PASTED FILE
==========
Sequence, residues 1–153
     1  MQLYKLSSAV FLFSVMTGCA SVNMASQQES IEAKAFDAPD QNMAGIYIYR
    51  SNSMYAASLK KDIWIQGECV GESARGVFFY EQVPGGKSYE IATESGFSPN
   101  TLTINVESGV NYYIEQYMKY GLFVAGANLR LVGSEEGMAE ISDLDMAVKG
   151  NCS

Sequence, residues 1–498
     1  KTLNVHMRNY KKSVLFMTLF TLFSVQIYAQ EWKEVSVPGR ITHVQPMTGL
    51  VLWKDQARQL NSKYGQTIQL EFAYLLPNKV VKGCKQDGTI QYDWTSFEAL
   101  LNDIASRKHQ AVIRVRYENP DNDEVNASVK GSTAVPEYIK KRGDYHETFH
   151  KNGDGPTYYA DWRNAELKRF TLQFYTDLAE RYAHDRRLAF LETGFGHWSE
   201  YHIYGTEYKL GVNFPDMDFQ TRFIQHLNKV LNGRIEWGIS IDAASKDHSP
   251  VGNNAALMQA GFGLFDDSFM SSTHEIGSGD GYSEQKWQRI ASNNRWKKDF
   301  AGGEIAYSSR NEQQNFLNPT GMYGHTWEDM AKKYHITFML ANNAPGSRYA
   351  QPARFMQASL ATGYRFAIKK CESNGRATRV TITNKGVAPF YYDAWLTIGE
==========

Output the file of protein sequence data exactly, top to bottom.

Sequence, residues 1–153
     1  MQLYKLSSAV FLFSVMTGCA SVNMASQQES IEAKAFDAPD QNMAGIYIYR
    51  SNSMYAASLK KDIWIQGECV GESARGVFFY EQVPGGKSYE IATESGFSPN
   101  TLTINVESGV NYYIEQYMKY GLFVAGANLR LVGSEEGMAE ISDLDMAVKG
   151  NCS

Sequence, residues 1–498
     1  KTLNVHMRNY KKSVLFMTLF TLFSVQIYAQ EWKEVSVPGR ITHVQPMTGL
    51  VLWKDQARQL NSKYGQTIQL EFAYLLPNKV VKGCKQDGTI QYDWTSFEAL
   101  LNDIASRKHQ AVIRVRYENP DNDEVNASVK GSTAVPEYIK KRGDYHETFH
   151  KNGDGPTYYA DWRNAELKRF TLQFYTDLAE RYAHDRRLAF LETGFGHWSE
   201  YHIYGTEYKL GVNFPDMDFQ TRFIQHLNKV LNGRIEWGIS IDAASKDHSP
   251  VGNNAALMQA GFGLFDDSFM SSTHEIGSGD GYSEQKWQRI ASNNRWKKDF
   301  AGGEIAYSSR NEQQNFLNPT GMYGHTWEDM AKKYHITFML ANNAPGSRYA
   351  QPARFMQASL ATGYRFAIKK CESNGRATRV TITNKGVAPF YYDAWLTIGE